If you weren’t enormously envious of everyone at TOC before now . . .
(And personally I was) then you will be now. It is not just that everyone who is anyone is going, its that the discussions sound so wonderful too.
For instance the POD discussion covered on the O’Reilly XML.com pages by Simon St. Laurent:
Why? I think the basic reason is simple – I’m one of those terrible people who’s always looking for books you can’t find easily in stores. They’re out-of-print, available only from the publisher, or otherwise obscure. Ingram was my friend when I ordered through stores, and then Amazon made a lot of things easier. At O’Reilly, I want POD for all kinds of reasons, from keeping old books in print to providing a way to test out new ideas without having to print 5000 books.
I’ve been expecting POD to happen for years. I spent too much time working at Kinko’s, I guess – I’d seen books getting made, if not the fine offset books typically sold in bookstores.
So here, now, it looks like it’s finally here. Lightning Source and other printers are offering print from PDF at rates that aren’t too insanely horrible relative to offset plus the cost of warehousing.
There’s still definitely a place for offset printing – offset has great economies of scale, and if books move out quickly, then the warehousing and other distribution costs don’t matter much. Offset will probably always make sense for initial print runs of books that will sell thousands of copies in a year – but that’s actually a relatively tiny share of the total number of books out there.
You can read much much more of the detail here. At least TOC has enabled em to widen my blog count for publishing and innovation in publishing. So for that at least thank you Tim O’Reilly.
An envious book nerd.
Where only Lulu.com has gone before
Blurb.com is to expend some effort in building market share in Europe according to The Book Standard:
Starting next month, the company will launch specific website improvements geared toward European users, including the option to view Blurb books in metric dimensions and see prices and buy books with local currencies. The improvements will allow international Blurb users to create, publish and ship books for less.
Important or not?
Blurb has always worried me from the perspective of a publisher. The software it provides they increasingly powerful while remaining easy to use. Whereas lulu.com provides excellent printing for your average paperback, I see blurb attacking niches.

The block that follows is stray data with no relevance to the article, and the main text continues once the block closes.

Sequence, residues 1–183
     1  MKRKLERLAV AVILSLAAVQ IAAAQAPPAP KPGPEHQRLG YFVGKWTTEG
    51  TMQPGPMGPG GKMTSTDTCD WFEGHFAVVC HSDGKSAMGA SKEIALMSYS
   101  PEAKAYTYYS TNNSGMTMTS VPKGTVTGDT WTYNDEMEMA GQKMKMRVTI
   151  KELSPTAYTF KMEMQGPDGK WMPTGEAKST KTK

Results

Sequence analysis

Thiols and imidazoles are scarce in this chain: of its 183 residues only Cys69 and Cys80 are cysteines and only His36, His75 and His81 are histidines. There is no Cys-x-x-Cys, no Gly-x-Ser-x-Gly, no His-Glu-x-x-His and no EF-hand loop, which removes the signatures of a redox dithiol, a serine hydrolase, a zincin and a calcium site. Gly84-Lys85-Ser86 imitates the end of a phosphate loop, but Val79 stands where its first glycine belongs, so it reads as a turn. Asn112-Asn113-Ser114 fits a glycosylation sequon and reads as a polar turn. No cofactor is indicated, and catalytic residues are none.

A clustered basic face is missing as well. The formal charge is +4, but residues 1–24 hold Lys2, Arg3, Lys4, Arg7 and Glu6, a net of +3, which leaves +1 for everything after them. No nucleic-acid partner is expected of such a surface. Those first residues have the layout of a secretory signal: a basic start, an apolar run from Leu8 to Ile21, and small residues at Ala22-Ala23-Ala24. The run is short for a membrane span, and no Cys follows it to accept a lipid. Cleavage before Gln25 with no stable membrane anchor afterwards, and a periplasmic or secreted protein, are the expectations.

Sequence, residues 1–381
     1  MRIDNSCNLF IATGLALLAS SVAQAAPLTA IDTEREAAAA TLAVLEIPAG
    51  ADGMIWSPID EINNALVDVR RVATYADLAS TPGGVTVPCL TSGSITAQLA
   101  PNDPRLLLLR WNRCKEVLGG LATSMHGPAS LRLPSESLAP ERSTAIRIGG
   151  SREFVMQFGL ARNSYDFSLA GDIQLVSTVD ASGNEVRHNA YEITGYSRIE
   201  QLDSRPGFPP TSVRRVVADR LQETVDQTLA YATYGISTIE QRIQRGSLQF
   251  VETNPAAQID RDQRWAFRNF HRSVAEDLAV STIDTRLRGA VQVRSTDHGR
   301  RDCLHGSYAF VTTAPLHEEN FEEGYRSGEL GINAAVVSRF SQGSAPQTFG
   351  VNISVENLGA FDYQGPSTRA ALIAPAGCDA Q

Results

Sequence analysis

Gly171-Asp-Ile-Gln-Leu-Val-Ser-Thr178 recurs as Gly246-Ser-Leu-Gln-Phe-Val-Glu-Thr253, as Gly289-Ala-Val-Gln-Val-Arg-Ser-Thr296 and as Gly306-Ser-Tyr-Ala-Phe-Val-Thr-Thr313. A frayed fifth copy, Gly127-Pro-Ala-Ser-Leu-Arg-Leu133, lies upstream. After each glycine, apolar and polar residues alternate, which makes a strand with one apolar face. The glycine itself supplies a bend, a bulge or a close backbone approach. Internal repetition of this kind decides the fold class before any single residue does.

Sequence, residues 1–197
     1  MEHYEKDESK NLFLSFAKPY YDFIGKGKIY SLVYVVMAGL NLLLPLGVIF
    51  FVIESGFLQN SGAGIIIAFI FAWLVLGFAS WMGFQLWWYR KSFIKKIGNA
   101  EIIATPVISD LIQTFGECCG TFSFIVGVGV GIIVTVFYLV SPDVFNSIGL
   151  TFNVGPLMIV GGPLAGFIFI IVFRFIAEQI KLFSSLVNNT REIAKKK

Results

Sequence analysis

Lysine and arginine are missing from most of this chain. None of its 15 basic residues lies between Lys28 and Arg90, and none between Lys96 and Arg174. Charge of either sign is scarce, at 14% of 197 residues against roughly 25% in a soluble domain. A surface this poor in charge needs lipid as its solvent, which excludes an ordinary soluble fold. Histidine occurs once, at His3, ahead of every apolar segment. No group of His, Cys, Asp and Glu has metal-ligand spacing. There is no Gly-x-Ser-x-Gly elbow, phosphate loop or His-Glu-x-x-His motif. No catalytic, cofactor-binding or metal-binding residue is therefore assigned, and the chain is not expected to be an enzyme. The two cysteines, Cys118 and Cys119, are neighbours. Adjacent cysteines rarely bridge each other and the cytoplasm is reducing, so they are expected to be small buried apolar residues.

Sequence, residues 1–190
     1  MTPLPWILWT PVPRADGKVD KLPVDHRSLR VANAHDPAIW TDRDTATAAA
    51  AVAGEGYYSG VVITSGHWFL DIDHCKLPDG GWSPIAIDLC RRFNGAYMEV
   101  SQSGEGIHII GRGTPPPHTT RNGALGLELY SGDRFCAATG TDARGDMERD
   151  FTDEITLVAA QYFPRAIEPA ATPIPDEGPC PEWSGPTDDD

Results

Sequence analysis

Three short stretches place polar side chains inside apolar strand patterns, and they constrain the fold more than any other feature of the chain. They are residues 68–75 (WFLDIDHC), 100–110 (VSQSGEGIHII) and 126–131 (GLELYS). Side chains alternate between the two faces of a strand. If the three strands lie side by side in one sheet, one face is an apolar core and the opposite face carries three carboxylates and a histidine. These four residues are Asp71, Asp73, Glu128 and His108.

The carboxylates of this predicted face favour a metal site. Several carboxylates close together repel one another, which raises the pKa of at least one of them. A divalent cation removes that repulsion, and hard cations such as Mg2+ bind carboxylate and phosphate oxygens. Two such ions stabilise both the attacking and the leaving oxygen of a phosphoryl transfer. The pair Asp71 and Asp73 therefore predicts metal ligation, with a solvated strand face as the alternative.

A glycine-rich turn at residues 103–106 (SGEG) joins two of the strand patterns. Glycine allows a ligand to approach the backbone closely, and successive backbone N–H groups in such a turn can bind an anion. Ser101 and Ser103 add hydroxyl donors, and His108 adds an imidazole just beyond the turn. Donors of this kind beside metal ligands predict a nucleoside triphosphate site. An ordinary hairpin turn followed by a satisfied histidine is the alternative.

If you read the links Thursday to this report on Trade Publishing and the importance of niches, then you will begin to understand that worry.
After all as the power to design and print books shifts from the hands of publishers and becomes decentralised why should we be able to retain the market share we currently have? Given that books published by blurb.com and lulu.com can be sold online (even at places like amazon.com & .co.uk) and distribution is being outsourced to postal and delivery services, there is no limit to what these outfits can achive if they get into the minds of niche writers.
Takeover targets I wonder?
To a degree I wonder how likely Blurb or Lulu are to survive outside of one of the larger publishers. After all their technology would be beneficial. It would enable the big houses to attach themselves to the long tail. It would also enable them to offer their own POD service and not be totally reliant on Amazon’s or other players POD arms.
Alternatively they could always replicate the infrastructure themselves. But that would cost time, money and commitment not to mention an understanding fo the market. Much better to offer employment to the founders by buy out as Google and other tech focussed companies have been for some time.
Waiting for the first for sale sign
So now we know
Chris Anderson and co gave more details on their new venture at the BEA 31st May. Seems like an utterly sensible idea. From their site:
Enter BookTour. We do three things. First, we aggregate all the available information on the web about existing book tours, mostly from publisher and bookseller sites. Second, we give authors and publicists a place to enter their own book tour details and availability in a way that anyone can find. And finally, we give potential audiences a way to contact authors and publicists and request an event, either in a town the author is already visiting, or to suggest a new town to add to the tour.
Now with an unbiased hat I can say that I am under-whelmed by the concept, though I see the value. It strikes me as more of an add on service to existing products than an entirely new excersise. For instance imagine the power of a service like this combined with the tools that LibraryThing has already going.
I wonder how the aggregation will work too. Are we going to see the evolution of a specific book tour microformat that allows them to scoop up all the relevant info or will it always be dependent on the input of agents, booksellers and authors?
But perhaps I am being too down on the idea. I say go them, it is a start and if they can roll out additional features to enhance the service then maybe it will continue to exist as a product in its own right rather than, as I suspect, as part of a larger community.
From Long Tail author Chris Anderson:
BookTour Where authors and audiences meet.